DIY Hallowe’en Slider Card

I haven’t posted a new DIY paper project for a while, but the approach of Hallowe’en gives me an excuse for a seasonal slider card.

I am posting it now in case you want to make a few of these for mailing in time for Hallowe’en. The first step is to print the Pumpkin Slider Card file on card stock. (I used 176 gm/65 lb card.)

The file contains two pages: a single large card on one, and two smaller ones on the other. The larger card will print on either A4 or 8.5 x 11 inch stock. The smaller card page may need to be scaled down slightly to fit A4, depending on your printer margins.

Score between the orange guides and also below the upper pumpkin, matching the bottom edge of the wider part of the card. Cut out the white areas (face) of the upper pumpkin.

Cut out the card along the outside black line.

Flip the card over vertically and fold the top end down and the bottom end up.

Flip the card horizontally and fold in the side flaps. Don’t crease too firmly. You want a slightly rounded fold so that the slider will operate smoothly.

Open all the folds, then fold the side flaps back in.

Fold the bottom edge up.

The final step is sliding the top edge (indicated by the green pointy finger in the image above) down inside the pocket created by the side flaps.

To operate the card, follow the printed instructions. The slider may be a bit stiff at first, but should work smoothly after being used a few times.

In other news:

I have a new computer. The less-than-year-old one I have been using couldn’t handle the work load. (It was like trying to run the entire universe from a dial-up modem.) The new one has an enormous 27-inch screen. As an indication of relative size, the desktop files in the screen shot below used to fill the old screen.

I can now have several windows open at the same time and actually see what’s in them, which makes things like switching between Photoshop and InDesign far easier. I am also sitting farther back from the screen!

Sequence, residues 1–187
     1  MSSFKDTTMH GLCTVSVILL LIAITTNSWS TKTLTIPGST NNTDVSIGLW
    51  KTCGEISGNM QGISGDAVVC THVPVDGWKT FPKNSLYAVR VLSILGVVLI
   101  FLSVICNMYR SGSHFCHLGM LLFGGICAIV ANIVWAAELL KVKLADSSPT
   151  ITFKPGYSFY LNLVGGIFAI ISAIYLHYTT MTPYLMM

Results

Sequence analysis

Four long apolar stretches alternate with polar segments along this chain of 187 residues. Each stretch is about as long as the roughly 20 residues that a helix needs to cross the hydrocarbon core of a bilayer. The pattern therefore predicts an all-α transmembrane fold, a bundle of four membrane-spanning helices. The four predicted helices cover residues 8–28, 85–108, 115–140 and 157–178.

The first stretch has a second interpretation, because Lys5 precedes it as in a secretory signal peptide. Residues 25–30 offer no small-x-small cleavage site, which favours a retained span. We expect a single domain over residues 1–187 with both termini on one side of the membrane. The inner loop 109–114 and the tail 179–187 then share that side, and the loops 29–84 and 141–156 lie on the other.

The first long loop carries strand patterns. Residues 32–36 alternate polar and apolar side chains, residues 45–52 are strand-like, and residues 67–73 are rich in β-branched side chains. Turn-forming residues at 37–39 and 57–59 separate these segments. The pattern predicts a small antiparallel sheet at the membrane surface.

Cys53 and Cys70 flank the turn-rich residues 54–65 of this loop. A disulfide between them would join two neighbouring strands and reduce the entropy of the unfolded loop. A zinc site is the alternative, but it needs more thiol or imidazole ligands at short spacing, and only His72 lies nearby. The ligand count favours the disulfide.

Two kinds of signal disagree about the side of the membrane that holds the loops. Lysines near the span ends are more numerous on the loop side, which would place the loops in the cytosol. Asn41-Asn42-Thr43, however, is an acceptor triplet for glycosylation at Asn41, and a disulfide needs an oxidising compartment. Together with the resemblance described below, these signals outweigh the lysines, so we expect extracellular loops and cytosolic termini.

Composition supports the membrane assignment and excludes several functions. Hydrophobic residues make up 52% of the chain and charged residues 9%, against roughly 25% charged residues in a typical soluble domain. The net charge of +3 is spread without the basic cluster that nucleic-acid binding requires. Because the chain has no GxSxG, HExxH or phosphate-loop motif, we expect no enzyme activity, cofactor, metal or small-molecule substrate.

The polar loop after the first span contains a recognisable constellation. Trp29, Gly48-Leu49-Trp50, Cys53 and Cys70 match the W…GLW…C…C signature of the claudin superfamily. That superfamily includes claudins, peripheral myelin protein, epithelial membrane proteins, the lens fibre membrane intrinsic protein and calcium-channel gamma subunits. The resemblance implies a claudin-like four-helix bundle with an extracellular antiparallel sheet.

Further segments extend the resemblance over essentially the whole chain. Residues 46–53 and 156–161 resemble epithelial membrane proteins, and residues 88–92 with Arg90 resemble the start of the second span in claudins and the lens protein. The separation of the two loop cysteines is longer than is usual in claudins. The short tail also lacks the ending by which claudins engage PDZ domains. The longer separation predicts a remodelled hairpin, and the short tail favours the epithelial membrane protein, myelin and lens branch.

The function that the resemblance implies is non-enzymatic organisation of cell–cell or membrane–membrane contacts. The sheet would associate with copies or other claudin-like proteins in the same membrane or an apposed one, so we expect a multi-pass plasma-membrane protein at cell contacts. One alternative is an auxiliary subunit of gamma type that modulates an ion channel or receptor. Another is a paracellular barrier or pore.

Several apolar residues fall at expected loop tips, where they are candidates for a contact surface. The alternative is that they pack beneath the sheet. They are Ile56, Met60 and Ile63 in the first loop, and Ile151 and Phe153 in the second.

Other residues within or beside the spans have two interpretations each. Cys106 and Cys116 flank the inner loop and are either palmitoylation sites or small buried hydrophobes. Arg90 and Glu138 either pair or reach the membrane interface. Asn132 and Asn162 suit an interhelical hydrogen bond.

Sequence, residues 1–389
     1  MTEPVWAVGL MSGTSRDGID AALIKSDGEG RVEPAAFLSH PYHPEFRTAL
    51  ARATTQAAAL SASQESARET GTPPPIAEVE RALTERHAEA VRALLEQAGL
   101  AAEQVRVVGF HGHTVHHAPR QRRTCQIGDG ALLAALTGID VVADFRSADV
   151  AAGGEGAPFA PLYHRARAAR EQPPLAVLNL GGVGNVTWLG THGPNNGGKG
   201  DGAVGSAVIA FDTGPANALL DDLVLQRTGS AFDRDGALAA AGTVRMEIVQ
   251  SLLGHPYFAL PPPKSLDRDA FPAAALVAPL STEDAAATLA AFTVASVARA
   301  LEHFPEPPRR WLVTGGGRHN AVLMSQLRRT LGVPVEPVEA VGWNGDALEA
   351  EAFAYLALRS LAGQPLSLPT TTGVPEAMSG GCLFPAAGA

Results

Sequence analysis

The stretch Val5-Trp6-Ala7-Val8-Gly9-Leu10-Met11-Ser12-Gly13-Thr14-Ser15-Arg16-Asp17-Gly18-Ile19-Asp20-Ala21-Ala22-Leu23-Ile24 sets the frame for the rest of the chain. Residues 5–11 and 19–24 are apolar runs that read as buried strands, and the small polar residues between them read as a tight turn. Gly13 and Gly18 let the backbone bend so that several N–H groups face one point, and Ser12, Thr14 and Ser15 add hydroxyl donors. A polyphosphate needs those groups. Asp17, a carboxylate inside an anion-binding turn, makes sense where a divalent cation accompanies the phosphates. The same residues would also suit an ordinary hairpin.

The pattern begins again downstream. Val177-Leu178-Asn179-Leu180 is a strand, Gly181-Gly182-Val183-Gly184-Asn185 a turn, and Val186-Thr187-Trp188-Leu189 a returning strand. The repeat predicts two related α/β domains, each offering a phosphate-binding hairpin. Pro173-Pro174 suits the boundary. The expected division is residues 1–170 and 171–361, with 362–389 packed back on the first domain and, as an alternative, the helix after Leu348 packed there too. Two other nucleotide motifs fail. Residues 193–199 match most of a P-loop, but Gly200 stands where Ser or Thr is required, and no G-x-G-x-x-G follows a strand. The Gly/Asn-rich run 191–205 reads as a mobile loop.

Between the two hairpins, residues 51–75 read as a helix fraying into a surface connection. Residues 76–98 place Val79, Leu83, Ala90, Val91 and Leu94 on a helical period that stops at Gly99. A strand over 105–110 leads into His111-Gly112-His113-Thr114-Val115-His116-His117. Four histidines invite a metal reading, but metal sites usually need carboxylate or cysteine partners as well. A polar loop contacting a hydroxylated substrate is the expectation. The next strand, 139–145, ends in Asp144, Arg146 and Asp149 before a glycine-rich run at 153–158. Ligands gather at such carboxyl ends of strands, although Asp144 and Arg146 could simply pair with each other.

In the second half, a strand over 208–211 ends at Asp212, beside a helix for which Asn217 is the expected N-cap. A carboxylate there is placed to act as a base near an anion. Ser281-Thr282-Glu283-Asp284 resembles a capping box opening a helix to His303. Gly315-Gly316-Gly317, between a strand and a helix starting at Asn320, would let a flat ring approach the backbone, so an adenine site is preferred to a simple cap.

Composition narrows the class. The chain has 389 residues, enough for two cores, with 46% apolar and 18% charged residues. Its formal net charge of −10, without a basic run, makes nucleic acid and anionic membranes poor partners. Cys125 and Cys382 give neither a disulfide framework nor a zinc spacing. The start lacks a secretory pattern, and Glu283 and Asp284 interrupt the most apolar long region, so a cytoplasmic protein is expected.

I finally finished plying a third spool of the blue silk. There is a bit more to do.


The current knitting project is a semi-circular shawl using short rows to create wedge-shaped sections. The upper yarn is from Hobbii. The lower yarn is the new colourway Homegrown from Midknit Cravings.


I took these photos before today’s grey and blustery weather arrived. We have been having a glorious autumn.

The rowan outside my studio will keep its leaves for a while. Most of the trembling aspen leaves have fallen. I think the rest may get blown off today.

About Byopia Press

I have been working in the book arts field for more than twenty years, and operating Byopia Press with my husband David since the late 1990s. I began producing artist's books and altered books in 2004.
This entry was posted in book arts, DIY, free printable, instructions, knitting, moveable books and tagged , , , . Bookmark the permalink.

2 Responses to DIY Hallowe’en Slider Card

  1. I love the slider card! Your DIY projects are great. A few years ago I made a number of the origami stars at Christmas time. Most of our decorations were in boxes so it was nice to have a quick thing for a little holiday cheer. They are probably in with the other ornaments now.

    I got a big computer last year. The screen is lovely, lots of space, but I can’t read the words in some of the tabs with out straining forward. I do have computer glasses, but they aren’t enough I guess. Still I wouldn’t give up the big screen. What a luxury!

    Happy Halloween to you Cathryn! Winter is coming fast.


    • Byopia Press says:

      Glad you enjoy the DIY projects!
      The big screen is taking a bit of getting used to. I keep losing my cursor! The slight shift back in sitting position and raising my chair seems to have dealt with most legibility issues. I do not have computer glasses but do wear progressives.
      Winter is definitely coming.
      Went for a walk to the gate to pick up a Thanksgiving present left by a neighbour family — homemade lemon shortbread and a DIY turkey table decoration kit which includes googly eyes, shiny bits for wattles and beak, toothpicks, and fruit loops— and was really glad I put on a winter jacket and a headscarf!


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